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Made in Japan

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Average Rating
★★★★★
(57 Reviews)

Metal Album Reviews[RSS]

  • I’m pretty sure that “Made In Japan” was my first live album. The first one I owned, I mean, I wasn’t in the band.

    I didn’t know a whole lot about Deep Purple…only “Smoke On The Water” would have rung a bell, I guess, but I really liked the album. Still do.
    Opening with the punding, up-tempo “Highway Star”, this is vintage Deep Purple. Richie Blackmore’s guitar and Jon Lord’s characteristic organ are vying for first chair, Purple had one of rock’s greatest vocalist in Ian Gillan, and a top-notch rhythm section in drummer Ian Paice and bassist Roger Glover.
    “Made In Japan” was recorded over three nights in 1972, and the band perform selections from “Deep Purple In Rock”, “Fireball”, and their highwater mark “Machine Head”. This may only be a seven-track album, but it runs for over 76 minutes, complete with numerous solos including a grand drum solo during “The Mule”.

    Blending thundering hard rock with strands of jazz, pop and classical music, Purple do a memorable 12-minute “Child In Time”, loose but effective renditions of “Strange Kind Of Woman” and “Smoke On The Water”, and a driving “Space Truckin’”.
    Deep Purple, and their excessive live albums in particular, may be a bit of an acquired taste…there is just as much organ here as there is guitar, and Ian Gillan’s vocals may seem hysterical to some. But “Made In Japan” is a must-have for Purple fans, of course, and while those who are merely curious should probably start off with a good compilation or the “Machine Head” album, you really should give this one a try as well. This colourful album has a lot to answer for….it played no small part in making hard rock and heavy metal what it is.

    Posted on November 27, 2009 - Permalink - Buy Now
  • I feel compelled to review this record, in the hopes that I can express how much it means to me, and hopefully convince others to check it out..

    This was the second record I ever owned, the first being “Machine Head”, which stands out as one of my all time favorite studio records. Deep Purple’s lineup was absolutely top notch; all great musicians, all completely complimentary in style, coming together to make one unified, powerful greater whole. What could be greater than that album?

    When I brought home Made in Japan, and listened to Highway Star, I was flat-out floored. This was true power; a band at its creative and performing zenith. The band was the song; it was a killin’ machine, it had everything, I loved it, I needed it, it turned me on. For me, the very concept of rock and roll was given physical form by that recording. The energy, the interplay of the band, the awesome musical moments still amaze me, 33 years later.

    After this album, I judged every band by the quality of its live recordings. Few ever stood up to this effort, which took incredible raw material and somehow transformed it into near perfection.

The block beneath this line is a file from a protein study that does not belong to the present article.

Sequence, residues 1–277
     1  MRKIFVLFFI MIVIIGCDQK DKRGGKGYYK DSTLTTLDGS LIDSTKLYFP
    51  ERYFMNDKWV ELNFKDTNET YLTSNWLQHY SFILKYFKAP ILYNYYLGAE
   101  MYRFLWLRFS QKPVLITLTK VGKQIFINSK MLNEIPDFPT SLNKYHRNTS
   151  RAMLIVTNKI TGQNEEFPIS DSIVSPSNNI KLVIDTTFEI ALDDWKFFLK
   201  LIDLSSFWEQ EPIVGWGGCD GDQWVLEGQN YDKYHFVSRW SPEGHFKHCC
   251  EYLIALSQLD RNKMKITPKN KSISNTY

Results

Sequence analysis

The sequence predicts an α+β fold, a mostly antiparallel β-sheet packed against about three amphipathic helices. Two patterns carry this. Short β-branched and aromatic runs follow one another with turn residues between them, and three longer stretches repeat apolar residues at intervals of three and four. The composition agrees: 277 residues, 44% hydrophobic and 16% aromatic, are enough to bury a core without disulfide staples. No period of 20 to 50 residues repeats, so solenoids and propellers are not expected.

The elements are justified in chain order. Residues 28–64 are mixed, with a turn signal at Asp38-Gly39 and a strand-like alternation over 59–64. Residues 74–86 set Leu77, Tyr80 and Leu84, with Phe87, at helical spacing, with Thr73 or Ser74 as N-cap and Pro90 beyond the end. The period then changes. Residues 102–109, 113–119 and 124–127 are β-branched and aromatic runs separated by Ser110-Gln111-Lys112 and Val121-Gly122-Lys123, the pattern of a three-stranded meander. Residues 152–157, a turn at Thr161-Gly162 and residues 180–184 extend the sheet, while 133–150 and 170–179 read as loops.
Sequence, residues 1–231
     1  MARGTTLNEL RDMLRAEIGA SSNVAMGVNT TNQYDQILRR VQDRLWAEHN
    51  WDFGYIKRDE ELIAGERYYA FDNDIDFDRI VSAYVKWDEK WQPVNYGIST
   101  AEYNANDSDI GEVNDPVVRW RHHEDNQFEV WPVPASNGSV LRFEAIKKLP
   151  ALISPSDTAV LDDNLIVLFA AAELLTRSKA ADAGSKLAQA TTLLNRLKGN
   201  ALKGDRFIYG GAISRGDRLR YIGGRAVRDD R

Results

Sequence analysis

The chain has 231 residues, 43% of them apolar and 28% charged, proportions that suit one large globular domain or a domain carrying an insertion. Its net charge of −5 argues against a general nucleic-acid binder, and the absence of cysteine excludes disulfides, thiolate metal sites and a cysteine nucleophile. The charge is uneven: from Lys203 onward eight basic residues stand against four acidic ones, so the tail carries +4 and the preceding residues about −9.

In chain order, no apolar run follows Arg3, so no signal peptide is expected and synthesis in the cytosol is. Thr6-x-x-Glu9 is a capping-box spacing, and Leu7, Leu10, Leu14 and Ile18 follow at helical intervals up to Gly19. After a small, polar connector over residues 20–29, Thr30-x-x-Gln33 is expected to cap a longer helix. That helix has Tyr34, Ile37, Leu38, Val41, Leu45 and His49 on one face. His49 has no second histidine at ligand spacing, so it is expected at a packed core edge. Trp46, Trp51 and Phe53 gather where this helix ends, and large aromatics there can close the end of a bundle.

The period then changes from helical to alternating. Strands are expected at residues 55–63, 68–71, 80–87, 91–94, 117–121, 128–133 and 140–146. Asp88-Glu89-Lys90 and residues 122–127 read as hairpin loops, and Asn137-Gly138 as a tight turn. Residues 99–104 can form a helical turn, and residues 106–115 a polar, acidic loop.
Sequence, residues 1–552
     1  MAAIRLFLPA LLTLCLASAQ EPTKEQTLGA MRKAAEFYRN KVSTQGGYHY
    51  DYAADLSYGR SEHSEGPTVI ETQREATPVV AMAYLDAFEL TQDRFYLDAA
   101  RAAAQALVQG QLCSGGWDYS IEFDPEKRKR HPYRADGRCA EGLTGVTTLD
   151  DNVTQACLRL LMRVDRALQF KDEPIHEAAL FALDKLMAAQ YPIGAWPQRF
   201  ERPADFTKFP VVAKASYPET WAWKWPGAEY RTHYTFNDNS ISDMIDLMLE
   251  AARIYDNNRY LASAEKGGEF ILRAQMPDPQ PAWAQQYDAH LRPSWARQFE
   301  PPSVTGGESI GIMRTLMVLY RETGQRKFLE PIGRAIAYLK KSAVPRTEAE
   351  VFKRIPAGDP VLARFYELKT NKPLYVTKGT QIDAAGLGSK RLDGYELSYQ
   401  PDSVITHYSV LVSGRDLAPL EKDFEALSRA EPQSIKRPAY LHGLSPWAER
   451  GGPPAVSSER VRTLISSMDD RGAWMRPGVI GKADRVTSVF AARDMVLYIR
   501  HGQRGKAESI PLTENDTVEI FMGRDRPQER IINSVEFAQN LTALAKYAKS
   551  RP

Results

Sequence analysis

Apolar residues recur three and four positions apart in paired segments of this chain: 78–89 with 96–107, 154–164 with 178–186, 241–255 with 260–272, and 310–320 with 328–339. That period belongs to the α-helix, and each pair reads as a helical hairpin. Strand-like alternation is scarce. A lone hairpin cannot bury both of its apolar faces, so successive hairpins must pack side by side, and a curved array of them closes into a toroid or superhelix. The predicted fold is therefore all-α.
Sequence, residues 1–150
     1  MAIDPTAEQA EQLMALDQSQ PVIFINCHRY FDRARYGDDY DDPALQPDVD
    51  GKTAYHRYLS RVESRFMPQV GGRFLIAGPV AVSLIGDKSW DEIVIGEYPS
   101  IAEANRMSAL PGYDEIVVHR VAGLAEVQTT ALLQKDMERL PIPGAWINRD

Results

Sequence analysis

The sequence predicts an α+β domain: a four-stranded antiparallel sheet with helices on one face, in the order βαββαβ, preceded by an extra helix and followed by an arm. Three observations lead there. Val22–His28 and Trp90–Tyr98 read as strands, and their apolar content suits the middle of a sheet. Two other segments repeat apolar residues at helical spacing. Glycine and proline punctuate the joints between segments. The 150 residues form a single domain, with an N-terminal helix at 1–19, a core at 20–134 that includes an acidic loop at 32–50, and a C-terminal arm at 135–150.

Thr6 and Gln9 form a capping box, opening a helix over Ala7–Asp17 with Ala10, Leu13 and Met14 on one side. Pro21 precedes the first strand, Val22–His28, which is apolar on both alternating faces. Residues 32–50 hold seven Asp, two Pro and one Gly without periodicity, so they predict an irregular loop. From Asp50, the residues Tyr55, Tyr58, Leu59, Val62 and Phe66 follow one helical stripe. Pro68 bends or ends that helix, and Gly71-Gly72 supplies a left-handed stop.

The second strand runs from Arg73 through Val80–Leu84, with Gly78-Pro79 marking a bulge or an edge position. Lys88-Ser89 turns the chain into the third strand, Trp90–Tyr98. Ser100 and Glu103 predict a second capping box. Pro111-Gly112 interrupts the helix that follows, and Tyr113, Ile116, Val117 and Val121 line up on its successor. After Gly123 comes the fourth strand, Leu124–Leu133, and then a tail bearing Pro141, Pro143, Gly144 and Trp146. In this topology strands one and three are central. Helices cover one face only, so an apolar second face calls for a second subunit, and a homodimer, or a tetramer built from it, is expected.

Highlights: Highway star (possibly the greatest live interpretation ever captured), Strange Kind of Woman (amazing dymnamics and a spectacular moment at the end when Ian Gillian screams solo, then sighs “Ooh my soul, I love you baby”, and screams again, as the band careens into the ending), Lazy, the first part of Space Truckin’ (prior to the extended jam – this is the only throwaway part of the record IMHO), Child in Time (an homage to their earliest recordings, and a Gillian showpiece).

    After hearing what is posible in a live recording like this, its mind-boggling that people let their favorite musicians get away with pre recorded live pieces or lip-syncing. Few bands have the chops and unified sense of identity that are on display on this album. Buy it and enjoy!

    Posted on November 27, 2009 - Permalink - Buy Now
  • Deep Purple is the most underrated rock group. With that said, “Made in Japan” is the best rock live recording ever. I usually shy away from statements like that, but if one analyzes each song and the players, one might understand why I made this statement. Firstly, “Highway Star” is a grab-your-attention explosion that grips you from beginning to end. “Child in Time,” on the other hand, is like the slow build-up of magma before the volcanic explosive ending. “Smoke on the Water” is what it is – one of the best and most imitated songs of all time. “The Mule” showcases Paice’s unbelievable drumming capabilities. “Strange Kind of Woman” begins great, but I could do without Gillan’s whooping at the end of the song; it goes on for about 3 minutes too long. “Lazy” is an example of Blackmore’s spontaneity. “Space Truckin’” is, however, the premier song on the album. Twenty minutes of interaction between Lord and Blackmore is mind-blowing. Finding this album was like discovering a rare gem for me. The musicians are all on top of their game. Ian Gillan is the top vocalist from that era. Blackmore is intense and intensly creative. All of them give their best. If you have never listened to Deep Purple before, this is the album to introduce yourself to them. That’s how I did it.